Coterra Energy (NYSE:CTRA) is a leading oil and natural gas producer. Its operations include the Permian Basin in Texas (307,000 acres), the Anadarko Basin in Oklahoma (182,000), and the Marcellus Shale in Pennsylvania (183,000). 

Its current reserves have more than 15 years left. In Q3 2023, 72% of its production was from natural gas, 14% from oil, and 14% from NGL (natural gas liquids). However, from a revenue standpoint, oil accounted for 51%, with natural gas (36%) and NGL (13%). 

In 2023, the company expects production of 660 Mboe/d. Revenue for 2023 is predicted to be $5.87 billion, 35% lower than a year ago, with a 53% decline in EPS to $2.30.   

In December, Yahoo Finance reported Wells Fargo analyst Roger Read’s positive comments about Coterra. The analyst also upgraded the stock to “Overweight” from “Equal Weight.”  

“Over the past 12 months, mgmt has deftly orchestrated a turnaround for the company,” Read wrote to clients. 

“The company has been outpacing its production outlook for FY’23 and increased its production guidance for two consecutive quarters. Given continued operational efficiency gains and strong well performance, we would not be surprised if the company positively revises its 3- yr outlook in February.”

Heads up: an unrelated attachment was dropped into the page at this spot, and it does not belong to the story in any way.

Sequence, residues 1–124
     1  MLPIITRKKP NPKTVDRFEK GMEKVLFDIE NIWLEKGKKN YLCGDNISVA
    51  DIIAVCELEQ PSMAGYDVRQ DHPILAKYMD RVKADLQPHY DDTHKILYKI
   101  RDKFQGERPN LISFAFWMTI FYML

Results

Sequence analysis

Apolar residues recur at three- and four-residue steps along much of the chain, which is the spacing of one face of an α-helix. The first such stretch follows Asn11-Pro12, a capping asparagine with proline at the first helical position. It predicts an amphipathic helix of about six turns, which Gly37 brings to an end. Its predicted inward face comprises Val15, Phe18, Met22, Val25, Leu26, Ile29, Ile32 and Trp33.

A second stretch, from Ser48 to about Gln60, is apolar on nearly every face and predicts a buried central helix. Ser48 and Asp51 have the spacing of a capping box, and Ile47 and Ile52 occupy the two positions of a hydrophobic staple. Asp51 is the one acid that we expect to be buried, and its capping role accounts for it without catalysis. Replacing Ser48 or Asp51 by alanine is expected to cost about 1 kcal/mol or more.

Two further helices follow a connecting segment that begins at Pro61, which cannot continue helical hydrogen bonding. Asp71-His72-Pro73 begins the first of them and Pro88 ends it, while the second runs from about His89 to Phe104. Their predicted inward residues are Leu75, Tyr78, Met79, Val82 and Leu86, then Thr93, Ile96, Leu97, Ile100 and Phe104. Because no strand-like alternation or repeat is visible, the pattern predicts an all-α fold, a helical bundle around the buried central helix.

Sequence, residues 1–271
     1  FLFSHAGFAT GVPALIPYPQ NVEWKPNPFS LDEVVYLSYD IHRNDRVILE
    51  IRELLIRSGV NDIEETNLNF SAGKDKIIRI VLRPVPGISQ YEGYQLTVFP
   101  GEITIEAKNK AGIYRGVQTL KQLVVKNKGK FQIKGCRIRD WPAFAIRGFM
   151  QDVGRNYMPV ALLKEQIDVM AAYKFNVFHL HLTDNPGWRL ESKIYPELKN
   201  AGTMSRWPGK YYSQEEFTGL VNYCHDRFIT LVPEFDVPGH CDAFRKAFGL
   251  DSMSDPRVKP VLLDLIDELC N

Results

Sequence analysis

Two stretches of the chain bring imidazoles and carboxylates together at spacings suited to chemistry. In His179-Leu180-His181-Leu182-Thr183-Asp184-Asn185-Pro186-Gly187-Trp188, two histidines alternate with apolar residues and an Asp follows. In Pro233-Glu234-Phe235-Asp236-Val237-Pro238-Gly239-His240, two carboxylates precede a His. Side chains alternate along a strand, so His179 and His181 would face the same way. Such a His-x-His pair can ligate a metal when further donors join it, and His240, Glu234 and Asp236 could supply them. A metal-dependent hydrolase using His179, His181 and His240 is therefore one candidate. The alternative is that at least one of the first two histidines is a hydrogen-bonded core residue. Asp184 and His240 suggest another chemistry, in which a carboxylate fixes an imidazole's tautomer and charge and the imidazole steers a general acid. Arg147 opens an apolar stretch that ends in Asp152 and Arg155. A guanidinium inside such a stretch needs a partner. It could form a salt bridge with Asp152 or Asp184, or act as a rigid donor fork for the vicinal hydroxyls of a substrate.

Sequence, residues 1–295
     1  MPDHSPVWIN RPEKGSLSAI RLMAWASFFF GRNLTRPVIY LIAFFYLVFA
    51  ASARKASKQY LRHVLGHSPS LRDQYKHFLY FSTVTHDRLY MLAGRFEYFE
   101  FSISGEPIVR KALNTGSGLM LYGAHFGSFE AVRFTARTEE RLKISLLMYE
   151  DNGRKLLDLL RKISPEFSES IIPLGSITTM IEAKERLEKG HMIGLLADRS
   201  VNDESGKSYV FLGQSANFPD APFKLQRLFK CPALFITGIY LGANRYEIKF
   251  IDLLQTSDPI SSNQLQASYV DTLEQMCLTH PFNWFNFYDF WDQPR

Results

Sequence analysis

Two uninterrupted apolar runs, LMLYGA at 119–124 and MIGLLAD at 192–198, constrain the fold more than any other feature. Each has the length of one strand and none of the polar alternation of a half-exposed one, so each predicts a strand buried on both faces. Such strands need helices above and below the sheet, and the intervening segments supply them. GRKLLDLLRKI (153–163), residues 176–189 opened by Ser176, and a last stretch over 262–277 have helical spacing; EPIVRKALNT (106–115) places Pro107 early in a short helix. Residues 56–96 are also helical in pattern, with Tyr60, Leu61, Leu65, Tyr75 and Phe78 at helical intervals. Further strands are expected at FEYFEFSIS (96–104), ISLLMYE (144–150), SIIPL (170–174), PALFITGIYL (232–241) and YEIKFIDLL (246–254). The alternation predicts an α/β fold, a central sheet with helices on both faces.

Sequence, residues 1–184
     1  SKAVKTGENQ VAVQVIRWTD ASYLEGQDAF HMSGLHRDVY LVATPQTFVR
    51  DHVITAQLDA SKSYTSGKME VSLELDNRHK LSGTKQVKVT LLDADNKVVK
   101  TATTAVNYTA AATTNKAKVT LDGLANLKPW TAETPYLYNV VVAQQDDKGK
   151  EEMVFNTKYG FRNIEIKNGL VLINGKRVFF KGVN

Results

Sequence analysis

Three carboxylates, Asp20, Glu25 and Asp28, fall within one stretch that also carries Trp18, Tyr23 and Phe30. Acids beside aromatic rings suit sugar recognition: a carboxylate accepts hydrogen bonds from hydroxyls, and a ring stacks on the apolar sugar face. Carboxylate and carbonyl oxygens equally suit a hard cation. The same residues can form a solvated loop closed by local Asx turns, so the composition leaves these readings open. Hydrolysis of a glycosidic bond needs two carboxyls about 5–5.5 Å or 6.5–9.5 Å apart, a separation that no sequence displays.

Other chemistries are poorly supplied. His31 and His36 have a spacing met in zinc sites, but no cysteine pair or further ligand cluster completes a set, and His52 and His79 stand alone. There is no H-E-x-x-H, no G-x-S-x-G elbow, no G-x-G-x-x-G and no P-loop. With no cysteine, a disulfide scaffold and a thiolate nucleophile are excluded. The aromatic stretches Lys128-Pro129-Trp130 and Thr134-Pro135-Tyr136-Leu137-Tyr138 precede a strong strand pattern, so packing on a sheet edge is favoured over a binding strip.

Coterra reported its Q4 2023 results on Feb. 22 after the markets closed. Read has a $30 target price for CTRA stock, 24% higher than where it’s currently trading. Other analysts are lukewarm about the stock. Of the 28 that cover it, 13 rate it a “Buy,” with a $31.24 target price, 29% higher than its current share price. If you are looking for the top gas and oil stocks, you can’t go wrong with any of these.

On the date of publication, Will Ashworth did not have (either directly or indirectly) any positions in the securities mentioned in this article. The opinions expressed in this article are those of the writer, subject to the InvestorPlace.com Publishing Guidelines.

Will Ashworth has written about investments full-time since 2008. Publications where he’s appeared include InvestorPlace, The Motley Fool Canada, Investopedia, Kiplinger, and several others in both the U.S. and Canada. He particularly enjoys creating model portfolios that stand the test of time. He lives in Halifax, Nova Scotia.